Australia and China collaborate on green steelmaking

AUSTRALIAN smart technology that harvests blast furnace waste and converts it into a new product to make cement is being trialled for commercialisation in China, where 60% of the world's 300 million tonnes of iron waste is produced.
Australia and China collaborate on green steelmaking Australia and China collaborate on green steelmaking Australia and China collaborate on green steelmaking Australia and China collaborate on green steelmaking Australia and China collaborate on green steelmaking

The dry slag granulation rig is fitted to blast furnaces to produce granulated slag and heated air. (Source: CSIRO)

Staff Reporter

The process - Dry Slag Granulation (DSG) - also reduces water use and greenhouse gas emissions and it is the focus of an agreement signed by CSIRO and the Beijing MCC Equipment Research & Design Corporation (MCCE).

According to CSIRO director of the mineral resources flagship Jonathan Law, the signing of the agreement, which will demonstrate CSIRO's DSG technology at industrial scale, is a landmark for Australia-China research collaboration and for environmentally friendly metal production.

"Our collaboration is an exciting step towards the uptake of an innovation with real prospects of transforming the productivity and environmental performance of global iron smelting," Law said.

"The benefits from wide uptake of DSG technology on blast furnaces will be profound in helping the global industry to reduce water and energy use and greenhouse gas emissions while sustaining metal production."

The DSG technology is fitted to blast furnaces and includes a spinning disc and granulation chamber, which separates molten slag into droplets under centrifugal forces, uses air to quench and solidify the droplets, and extracts a granulated slag product as well as heated air.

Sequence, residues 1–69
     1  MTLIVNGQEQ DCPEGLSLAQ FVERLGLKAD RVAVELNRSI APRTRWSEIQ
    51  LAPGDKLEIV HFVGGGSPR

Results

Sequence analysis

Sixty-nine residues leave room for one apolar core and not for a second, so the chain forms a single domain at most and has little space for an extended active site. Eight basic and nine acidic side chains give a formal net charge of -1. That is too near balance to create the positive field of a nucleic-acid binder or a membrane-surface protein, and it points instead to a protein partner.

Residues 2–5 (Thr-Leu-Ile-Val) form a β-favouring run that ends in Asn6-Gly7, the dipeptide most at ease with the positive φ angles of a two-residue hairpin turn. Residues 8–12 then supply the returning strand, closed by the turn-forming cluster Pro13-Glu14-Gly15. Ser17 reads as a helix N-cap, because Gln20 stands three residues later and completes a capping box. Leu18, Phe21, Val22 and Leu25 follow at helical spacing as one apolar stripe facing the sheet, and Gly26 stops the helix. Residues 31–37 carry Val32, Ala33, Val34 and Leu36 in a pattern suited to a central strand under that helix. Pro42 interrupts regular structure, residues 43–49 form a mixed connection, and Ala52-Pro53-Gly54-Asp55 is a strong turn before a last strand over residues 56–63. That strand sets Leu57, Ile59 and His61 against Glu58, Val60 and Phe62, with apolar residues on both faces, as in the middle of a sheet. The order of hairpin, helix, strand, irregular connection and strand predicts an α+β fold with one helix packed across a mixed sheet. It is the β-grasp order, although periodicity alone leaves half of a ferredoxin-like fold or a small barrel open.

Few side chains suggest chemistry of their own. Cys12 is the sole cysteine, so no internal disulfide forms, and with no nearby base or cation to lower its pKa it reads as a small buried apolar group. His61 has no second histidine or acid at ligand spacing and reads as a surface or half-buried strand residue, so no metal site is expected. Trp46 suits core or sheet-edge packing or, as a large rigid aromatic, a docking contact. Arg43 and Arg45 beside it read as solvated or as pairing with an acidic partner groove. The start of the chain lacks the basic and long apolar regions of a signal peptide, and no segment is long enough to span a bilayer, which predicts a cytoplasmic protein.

The process produces a "glassy" product ideal for cement manufacture, but has significantly lower associated greenhouse gas emissions than cement produced by conventional methods.

Air at 500 to 600 degrees Celsius extracted from the DSG process can be used onsite for drying, preheating or steam generation.

CSIRO said the technology also saves water and eliminates underground water pollution that can be associated with alternative wet granulation processes.

"The benefits each year from full commercialisation and adoption of DSG technology are in the order of 60 billion litres of water, 800 petajoules of heat energy and 60 million tonnes of greenhouse gas emissions," Law said.

"Those savings are equivalent to 14 percent of Australia's energy use and about 10 percent of our greenhouse gas emissions each year."

Under the agreement MCCE is to scale-up and demonstrate the technology at industrial scale and, upon success, commercialise it in China and then potentially worldwide.

The agreement is the culmination of more than a decade of DSG technology development by CSIRO and industry partners including Arrium and BlueScope.

This work covered initial design and proof of concept stages through to the construction and operation of prototype DSG pilot plants at small, intermediate and large scales.